>>> efficiently in cython, for example).
>>>
>>> At each step, we could add a Deprecate warning to a reviewed mstat
>>> function and call the corresponding stat function instead.
>>>
>>>
>> Unfortunately there is not a one to one matching between the stats
>> and mstats functions.
>>
>
> Mmh, if we proceed methodically, that shouldn't be too much of a
> problem. Name differences can be easily adressed. Behavior differences
> are trickier, but may be just bugs waiting for us.
>
>
>
>> When I started I found 178 functions between the different modules
>> including some that are or should be depreciated. Only about 40
>> functions (plus a few that should be removed) that have the same
>> name in the stats and masked_basic files. I have not checked these
>> to know if these have the exact same behavior as expected by the
>> input type. There are others that perhaps only differ in name.
>>
>
>
>>> What would be a good time line ? 0.8.0, or is it too late? 0.9.0 ?
>>>
>> For 0.8 I think we must at least warn users changes are comming for
>> the stats and mstats as well as make sure that any unnecessary
>> functions are depreciated. Also we could start the process to
>> reorganize the stats functions and combine the stats and mstats
>> functions with the same name and behavior.
>>
>
> When is 0.8.0 supposed to be released ? If it's a matter of just a
> couple of weeks, we can sit on the issue as long as needed. If it's
> longer than that, we should probably get started now.
>
>
While I can not help immediately with this, some I had submitted patches
for. So hopefully the following will help.
These functions just rename existing functions and perhaps the renaming,
as necessary, should be elsewhere (like the distributions):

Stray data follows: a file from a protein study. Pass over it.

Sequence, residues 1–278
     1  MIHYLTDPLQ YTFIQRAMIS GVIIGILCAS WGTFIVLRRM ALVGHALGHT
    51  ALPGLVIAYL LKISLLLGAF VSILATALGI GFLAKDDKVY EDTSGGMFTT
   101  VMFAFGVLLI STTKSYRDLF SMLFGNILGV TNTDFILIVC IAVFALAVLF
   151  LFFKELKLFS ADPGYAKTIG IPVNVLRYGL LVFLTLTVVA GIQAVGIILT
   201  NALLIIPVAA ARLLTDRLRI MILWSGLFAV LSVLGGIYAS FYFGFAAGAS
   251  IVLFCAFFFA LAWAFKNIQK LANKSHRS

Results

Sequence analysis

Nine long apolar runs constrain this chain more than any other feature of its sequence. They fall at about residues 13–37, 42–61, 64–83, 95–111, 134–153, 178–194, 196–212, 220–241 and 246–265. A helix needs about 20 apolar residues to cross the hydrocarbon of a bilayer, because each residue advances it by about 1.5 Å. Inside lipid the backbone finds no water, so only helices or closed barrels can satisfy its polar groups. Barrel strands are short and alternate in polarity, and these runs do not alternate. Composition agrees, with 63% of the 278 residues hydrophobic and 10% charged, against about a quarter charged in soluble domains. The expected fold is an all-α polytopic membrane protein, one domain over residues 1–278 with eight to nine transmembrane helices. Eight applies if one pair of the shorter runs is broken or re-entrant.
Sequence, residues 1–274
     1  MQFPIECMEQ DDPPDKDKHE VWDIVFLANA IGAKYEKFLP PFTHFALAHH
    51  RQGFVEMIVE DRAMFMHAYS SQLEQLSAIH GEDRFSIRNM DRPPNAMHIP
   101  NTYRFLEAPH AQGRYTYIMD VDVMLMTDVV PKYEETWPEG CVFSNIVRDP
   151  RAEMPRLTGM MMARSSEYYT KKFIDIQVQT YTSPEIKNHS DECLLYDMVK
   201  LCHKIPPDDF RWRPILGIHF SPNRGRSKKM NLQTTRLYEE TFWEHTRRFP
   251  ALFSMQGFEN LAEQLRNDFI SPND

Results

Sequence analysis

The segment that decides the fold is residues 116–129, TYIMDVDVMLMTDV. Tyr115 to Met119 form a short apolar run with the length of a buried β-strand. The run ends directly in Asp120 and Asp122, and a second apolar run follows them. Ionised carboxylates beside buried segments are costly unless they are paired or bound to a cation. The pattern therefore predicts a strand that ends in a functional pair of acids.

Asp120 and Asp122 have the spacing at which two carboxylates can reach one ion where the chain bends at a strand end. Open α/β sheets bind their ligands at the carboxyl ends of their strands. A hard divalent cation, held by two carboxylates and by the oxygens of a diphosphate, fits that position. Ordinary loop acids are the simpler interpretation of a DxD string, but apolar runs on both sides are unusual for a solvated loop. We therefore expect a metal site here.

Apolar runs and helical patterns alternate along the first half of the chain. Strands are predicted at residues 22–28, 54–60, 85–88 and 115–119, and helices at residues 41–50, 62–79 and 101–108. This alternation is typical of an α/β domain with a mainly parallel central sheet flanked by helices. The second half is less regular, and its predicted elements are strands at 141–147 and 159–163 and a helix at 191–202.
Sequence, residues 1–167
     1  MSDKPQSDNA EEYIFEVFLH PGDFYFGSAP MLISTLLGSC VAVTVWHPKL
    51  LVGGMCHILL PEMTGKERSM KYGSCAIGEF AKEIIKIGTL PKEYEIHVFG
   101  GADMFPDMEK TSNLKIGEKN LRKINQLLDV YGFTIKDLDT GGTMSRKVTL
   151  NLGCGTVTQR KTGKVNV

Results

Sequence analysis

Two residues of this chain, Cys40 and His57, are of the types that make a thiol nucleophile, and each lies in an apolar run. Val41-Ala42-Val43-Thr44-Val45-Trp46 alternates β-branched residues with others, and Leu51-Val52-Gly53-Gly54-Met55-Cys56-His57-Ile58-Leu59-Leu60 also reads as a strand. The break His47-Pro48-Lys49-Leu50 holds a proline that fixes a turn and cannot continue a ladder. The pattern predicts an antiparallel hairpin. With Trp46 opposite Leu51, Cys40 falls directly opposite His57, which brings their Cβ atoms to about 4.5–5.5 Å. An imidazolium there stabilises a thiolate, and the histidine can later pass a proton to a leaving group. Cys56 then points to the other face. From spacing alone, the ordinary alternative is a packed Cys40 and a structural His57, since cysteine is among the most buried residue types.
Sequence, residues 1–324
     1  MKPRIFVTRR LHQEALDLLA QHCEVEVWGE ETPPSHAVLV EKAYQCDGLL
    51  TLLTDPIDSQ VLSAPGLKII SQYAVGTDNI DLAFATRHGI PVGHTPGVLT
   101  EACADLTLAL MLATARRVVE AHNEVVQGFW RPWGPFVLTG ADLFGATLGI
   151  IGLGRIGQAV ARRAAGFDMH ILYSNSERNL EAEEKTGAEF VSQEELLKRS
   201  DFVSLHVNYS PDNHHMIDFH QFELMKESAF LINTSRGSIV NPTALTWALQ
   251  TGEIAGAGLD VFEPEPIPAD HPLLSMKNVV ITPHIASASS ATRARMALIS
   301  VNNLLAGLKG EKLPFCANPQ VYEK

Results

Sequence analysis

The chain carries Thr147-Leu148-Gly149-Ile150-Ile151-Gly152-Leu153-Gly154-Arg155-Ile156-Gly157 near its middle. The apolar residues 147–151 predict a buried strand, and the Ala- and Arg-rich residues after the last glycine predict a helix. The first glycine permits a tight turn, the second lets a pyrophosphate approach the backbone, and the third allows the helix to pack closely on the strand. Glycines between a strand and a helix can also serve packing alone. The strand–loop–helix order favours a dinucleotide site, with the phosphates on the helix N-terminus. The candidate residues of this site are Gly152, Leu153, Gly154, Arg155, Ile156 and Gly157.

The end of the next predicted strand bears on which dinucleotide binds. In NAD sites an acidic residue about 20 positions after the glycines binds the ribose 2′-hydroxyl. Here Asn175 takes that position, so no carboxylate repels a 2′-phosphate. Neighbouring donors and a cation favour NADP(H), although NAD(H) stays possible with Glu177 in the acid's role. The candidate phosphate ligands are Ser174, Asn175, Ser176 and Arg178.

chisqprob
erfc
fprob
ksprob
zprob
These function are/should be depreciated
mean
median
std
var
samplestd
samplevar
I thought that these could be replaced by a one liner using the compress
method because these only work for 1d arrays; ie for some cutoff values
minval and maxval:
tmean a.compress((a>minval) & (a<maxval)).mean()
tmin a.compress((a>minval) & (a<maxval)).min()
tsem a.compress((a>minval) & (a<maxval)).std() with df=n
tstd a.compress((a>minval) & (a<maxval)).std() with df=n-1
tvar a.compress((a>minval) & (a<maxval)).var()
Actually these probably should be depreciated in favor of the mstats
approach for trimmed_mean etc that have an axis keyword indicating the
support for multiple dimensions.
Below is a list I complied for the different functions that have the
same name in both stats and mstats (really mstats_basic). For the most
part these have the same arguments but not always. Also some are or
should be depreciated or are unnecessary.
_chk_asarray
_chk2_asarray
betai
chisquare
describe
f_oneway
f_value_wilks_lambda
friedmanchisquare
gmean
hmean
kendalltau
kurtosis
kurtosistest
linregress
mannwhitneyu
mode
moment
normaltest
obrientransform
pearsonr
pointbiserialr
rankdata
samplestd
samplevar
scoreatpercentile
sem
signaltonoise
skew
skewtest
spearmanr
std
stderr
threshold
tmax
tmean
tmin
trimboth
tsem
ttest_ind
ttest_rel
tvar
var
variation
z
zmap
zs
find_repeats
Bruce